You can read more about what files are installed and where in the Artifactory Installation Guide chapter RPM Installation - http://wiki.jfrog.org/confluence/display/RTF/RPM+Installation. Or list all installed files with rpm command.

If you want more information about how to work with yum and rpm commands, please read my previous blog - http://magnus-k-karlsson.blogspot.se/2013/01/quickguide-to-most-common-yum-and-rpm.html.

If you are not happy with artifactory, you uninstall it with yum.

Now lest test our Artifactory installation. Lets first start it. After started you can access it from http://your_server_ip:8081/artifactory.

And to login use:
username: admin
password: password

And if you are happy with the installation, you can set the artifactory to start automatically when booting, by reading my previous blog here http://magnus-k-karlsson.blogspot.se/2013/01/how-to-autostart-program-at-bootup.html.

January 9, 2013

How to Install Maven 3 on RHEL 6.3

In RHEL 6 there is no package for Apache Maven 3 and if you search the official repo you will end up with.

But that package does not contain any maven binaries. So since there is no official package and I do not want to clutter my RHEL installation, by adding custom repositories, we will do it manually. And that is no big thing.

First download the apache maven binaries, I downloaded the zip file. And extract it in /usr/share.

Now "install" it, i.e. create a soft link.

And finally set all needed environment variables in /etc/environment. And for my RHEL 6.3 machine they look like this.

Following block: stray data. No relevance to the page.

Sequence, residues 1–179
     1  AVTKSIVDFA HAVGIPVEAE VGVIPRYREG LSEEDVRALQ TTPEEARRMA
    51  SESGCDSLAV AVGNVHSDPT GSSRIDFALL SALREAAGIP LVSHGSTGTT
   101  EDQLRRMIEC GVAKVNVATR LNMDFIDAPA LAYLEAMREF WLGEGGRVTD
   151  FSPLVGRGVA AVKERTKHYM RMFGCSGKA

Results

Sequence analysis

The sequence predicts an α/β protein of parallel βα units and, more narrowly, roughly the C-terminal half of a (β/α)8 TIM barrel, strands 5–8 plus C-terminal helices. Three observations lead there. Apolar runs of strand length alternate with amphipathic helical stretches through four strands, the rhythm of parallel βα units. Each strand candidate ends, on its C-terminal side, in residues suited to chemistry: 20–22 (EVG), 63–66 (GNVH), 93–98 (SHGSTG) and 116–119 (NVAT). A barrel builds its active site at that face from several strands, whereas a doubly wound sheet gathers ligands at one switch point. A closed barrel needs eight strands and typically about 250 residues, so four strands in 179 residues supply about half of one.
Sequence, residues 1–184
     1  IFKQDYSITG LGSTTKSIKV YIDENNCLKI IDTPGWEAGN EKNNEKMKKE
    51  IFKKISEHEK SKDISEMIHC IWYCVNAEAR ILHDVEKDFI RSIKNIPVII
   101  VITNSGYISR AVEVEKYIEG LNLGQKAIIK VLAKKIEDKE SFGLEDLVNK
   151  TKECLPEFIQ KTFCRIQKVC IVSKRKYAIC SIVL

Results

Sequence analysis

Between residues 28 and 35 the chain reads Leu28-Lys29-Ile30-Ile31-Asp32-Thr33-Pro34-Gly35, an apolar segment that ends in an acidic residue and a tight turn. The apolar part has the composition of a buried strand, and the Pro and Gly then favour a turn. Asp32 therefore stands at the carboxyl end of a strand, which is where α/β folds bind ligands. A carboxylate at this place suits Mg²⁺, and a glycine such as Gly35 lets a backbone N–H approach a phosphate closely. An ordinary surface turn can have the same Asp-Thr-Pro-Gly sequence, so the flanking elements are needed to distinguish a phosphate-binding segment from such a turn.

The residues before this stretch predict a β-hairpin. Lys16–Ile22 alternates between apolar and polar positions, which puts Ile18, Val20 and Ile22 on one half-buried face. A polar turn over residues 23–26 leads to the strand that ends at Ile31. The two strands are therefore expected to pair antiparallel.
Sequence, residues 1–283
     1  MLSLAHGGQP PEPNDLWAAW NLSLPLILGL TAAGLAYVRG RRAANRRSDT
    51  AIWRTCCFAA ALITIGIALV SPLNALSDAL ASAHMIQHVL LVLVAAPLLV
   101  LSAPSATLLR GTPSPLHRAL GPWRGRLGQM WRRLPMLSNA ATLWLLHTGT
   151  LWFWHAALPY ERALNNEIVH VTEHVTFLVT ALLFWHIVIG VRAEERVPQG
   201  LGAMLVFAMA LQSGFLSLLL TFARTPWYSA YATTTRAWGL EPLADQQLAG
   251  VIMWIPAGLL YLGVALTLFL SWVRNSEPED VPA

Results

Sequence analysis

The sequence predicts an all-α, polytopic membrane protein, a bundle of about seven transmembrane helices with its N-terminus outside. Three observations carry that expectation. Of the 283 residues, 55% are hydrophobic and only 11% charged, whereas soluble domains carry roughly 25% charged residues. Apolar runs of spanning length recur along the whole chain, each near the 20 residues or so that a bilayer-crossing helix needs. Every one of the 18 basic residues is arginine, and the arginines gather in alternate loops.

Now test your installation of Apache Maven 3.0.4.

How to Setup JBoss EAP 6 HA Cluster With mod_cluster Using TCP Multicast Networking

JBoss EAP 6 uses JGroups to handle cluster communication. JGroups is a full fledged communication API and you can read more about it here, http://www.jgroups.org/manual-3.x/html/index.html.

Default is JBoss EAP 6 configured to use UDP, but in this blog I will show you how to configure JBoss EAP 6 HA cluster to use TCP multicast networking instead.

JGroups is flexible API, that can stack several protocol on top of each other, or chain them if you like. The JGroups protocol can be divided into the following:

  • Reliable transmission: pbcast.NAKACK, UNICAST, RSVP
  • State transfer: pbcast.STATE_TRANSFER, pbcast.STATE, BARRIER

Now revisit our cluster domain example that I have previously described here http://magnus-k-karlsson.blogspot.se/2013/01/how-to-cluster-domain-jboss-eap-6-and.html. But now lets change the global configuration in ./domain/domain/configuration/domain.xml.

Now if you have already started the cluster you need to restart the Domain Controller and then log into the domain controller with you CLI tool and restart each cluster node.